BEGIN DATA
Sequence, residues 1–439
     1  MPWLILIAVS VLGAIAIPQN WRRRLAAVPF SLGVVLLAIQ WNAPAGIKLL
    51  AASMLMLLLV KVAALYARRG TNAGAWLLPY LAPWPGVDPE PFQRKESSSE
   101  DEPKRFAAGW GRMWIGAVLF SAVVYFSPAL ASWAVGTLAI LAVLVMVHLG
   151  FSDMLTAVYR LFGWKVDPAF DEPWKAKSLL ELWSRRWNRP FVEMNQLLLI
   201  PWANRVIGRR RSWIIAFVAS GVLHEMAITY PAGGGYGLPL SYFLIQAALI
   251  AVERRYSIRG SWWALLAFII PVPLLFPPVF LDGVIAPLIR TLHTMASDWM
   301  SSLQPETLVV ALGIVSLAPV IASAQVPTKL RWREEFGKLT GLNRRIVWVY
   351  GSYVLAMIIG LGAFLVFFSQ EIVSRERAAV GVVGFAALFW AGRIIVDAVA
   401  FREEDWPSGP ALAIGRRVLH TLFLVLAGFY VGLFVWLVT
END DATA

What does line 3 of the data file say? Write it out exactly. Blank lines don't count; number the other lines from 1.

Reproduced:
    51  AASMLMLLLV KVAALYARRG TNAGAWLLPY LAPWPGVDPE PFQRKESSSE